• damianrobertjones - Monday, October 01, 2012 - link

    "(let alone the staggeringly high resolution of the current generation Apple iPad)" - Which uses massive DPI scaling so you're not really benefiting from such a high res Reply
  • repoman27 - Monday, October 01, 2012 - link

    Are you talking about the MacBook Pro with Retina Display or the iPad? What gets scaled on the iPad, besides things that don't supply high resolution assets?

    Anywho, text is always rendered at full resolution and that is of tremendous benefit, especially for non-Roman languages.
    Reply
  • Spoony - Monday, October 01, 2012 - link

    I find that the very sharp text and imagery is fantastic on the iPad (3). If that counts as not really benefiting, you'll have to clue me in on what actually benefiting looks like.

    In fact screens of sub-150 ppi look quite fuzzy and unpleasant anymore. Some of the less refined Pentile stuff is quite visible as well.
    Reply
  • melgross - Monday, October 01, 2012 - link

    Some games are scales, but that's it. Everything else is at native resolution. Reply
  • damianrobertjones - Monday, October 01, 2012 - link

    This tablet shows why MS presented the minimum specs to all interested parties otherwise, as you can tell, they'd just make absolute rubbish. Reply
  • hstukenborg - Monday, October 01, 2012 - link

    I haven't read the article yet, but anyone using a Cake reference is ok in my book. Reply
  • ImSpartacus - Saturday, October 06, 2012 - link

    Yeah, I thought that was at least a little witty. Reply
  • p05esto - Monday, October 01, 2012 - link

    I don't like the high resolution tablets at all. Have you surfed the web on them? The tiny little web site in the center is annoying. I'll take 1280 or even lower all day long.

    Everyone has an opinion. I say offer two options!
    Reply
  • melgross - Monday, October 01, 2012 - link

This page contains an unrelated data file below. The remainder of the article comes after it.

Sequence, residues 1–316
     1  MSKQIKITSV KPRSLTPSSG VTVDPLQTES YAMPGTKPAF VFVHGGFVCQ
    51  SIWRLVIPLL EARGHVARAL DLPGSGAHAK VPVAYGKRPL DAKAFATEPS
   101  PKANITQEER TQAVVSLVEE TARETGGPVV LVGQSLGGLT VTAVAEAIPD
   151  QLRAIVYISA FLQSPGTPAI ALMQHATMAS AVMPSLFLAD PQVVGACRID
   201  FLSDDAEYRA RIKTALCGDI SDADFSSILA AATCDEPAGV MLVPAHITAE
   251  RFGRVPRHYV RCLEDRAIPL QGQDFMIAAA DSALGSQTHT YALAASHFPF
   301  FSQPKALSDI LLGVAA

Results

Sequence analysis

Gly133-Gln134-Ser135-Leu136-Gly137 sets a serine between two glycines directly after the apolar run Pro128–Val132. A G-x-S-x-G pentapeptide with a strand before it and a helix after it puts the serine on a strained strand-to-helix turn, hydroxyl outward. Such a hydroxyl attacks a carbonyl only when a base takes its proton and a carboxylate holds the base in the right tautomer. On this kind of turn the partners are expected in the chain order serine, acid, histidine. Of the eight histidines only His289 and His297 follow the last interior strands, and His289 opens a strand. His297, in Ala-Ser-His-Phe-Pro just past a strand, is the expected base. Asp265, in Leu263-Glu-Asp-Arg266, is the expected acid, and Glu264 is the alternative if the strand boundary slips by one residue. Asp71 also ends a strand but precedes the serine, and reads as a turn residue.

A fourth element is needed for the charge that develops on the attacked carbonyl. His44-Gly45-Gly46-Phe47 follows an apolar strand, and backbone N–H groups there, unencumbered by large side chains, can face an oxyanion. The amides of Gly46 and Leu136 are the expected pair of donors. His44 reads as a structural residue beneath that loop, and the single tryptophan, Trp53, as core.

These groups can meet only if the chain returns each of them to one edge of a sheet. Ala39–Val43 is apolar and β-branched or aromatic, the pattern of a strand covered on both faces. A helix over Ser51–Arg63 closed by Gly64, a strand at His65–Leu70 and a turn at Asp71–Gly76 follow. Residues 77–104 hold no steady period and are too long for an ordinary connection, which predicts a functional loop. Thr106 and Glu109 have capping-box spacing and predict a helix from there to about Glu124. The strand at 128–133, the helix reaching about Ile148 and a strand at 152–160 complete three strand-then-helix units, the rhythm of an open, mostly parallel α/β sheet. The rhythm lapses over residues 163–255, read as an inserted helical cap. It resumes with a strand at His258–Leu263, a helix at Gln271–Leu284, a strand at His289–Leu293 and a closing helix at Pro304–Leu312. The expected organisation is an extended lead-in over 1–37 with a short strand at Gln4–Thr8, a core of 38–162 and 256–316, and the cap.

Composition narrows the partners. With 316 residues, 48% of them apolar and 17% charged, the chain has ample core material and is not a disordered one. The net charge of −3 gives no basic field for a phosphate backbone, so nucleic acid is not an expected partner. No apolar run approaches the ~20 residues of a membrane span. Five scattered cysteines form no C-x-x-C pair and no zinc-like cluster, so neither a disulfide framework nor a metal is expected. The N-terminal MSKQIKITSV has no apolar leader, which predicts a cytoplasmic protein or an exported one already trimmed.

Don't know what tablet you're using, but I never have that problem. What sites are you specifically talking about? Reply
  • p05esto - Monday, October 01, 2012 - link

    Basically every site on the internet. All web sites are pretty much designed for 1024x768. If the iPad is "scaling" the site to 2/3 times it's intended resolution you are missing the WHOLE point to high resolution and if anything you are seeing a fuzzy and less than ideal experience.

    This is fact by the way. What is opinion is how it looks when scaled so high, that is in the eye of the beholder (I don't care for it is what I'm saying).
    Reply
  • p05esto - Monday, October 01, 2012 - link

    Should have attached this link:

    Are high-resolution displays screwing up the Web?
    http://www.digitaltrends.com/computing/are-high-re...
    Reply
  • B3an - Monday, October 01, 2012 - link

    You're argument is stupid. Higher resolution is always better, and you can simply zoom in on web pages that are too small. If you have something like iPad 3 res then even when it zoomed in you still have a sharper image than a 1280x800 res display, because the pixels are so much smaller and closer together. Yes images will look a bit blurred compared to the default 100% size, but they will still look shaper than a much lower res diplay. And text will always look MUCH better at any zoom level.

    Btw LOADS of sites are not designed for 1024x768 anymore and haven't been for many years. Even Anandtech is 1100 pixels wide. Most sites aim to keep the horizontal width under 1280 pixels these days. I do this all the time, i'm a web designer myself. And pretty much no one designs a site with with 768 pixels height in mind... for the simply fact that you just scroll down if the layout exceeds this height, which it does on 99% of sites. Again including this site.
    Reply
  • Sufo - Tuesday, October 02, 2012 - link

    I really like high res displays - I hope that the push in the handheld market pushes similar changes in the desktop market, however, say what you want, but unless a site is coded to swap in high res assets for an ipad 3, all images and icons look like blurry turds. There is no way around this, it's just a fact, and it affects the vast majority of websites. Reply
  • Impulses - Tuesday, October 02, 2012 - link

    That's dumb, zoom and/or re arrange your windows, problem solved. Equating web surfing on a high res display (highly dynamic, are constantly being redesigned) with watching a VHS on an HDTV is not a good analogy, despite many of the same fundamentals being in place. Reply
  • zappb - Monday, October 01, 2012 - link

    Now shipping with windows funball 8 bundled with free angry birds!!!!! Reply
  • twtech - Monday, October 01, 2012 - link

    A joystick or two and a few buttons on the side. Reply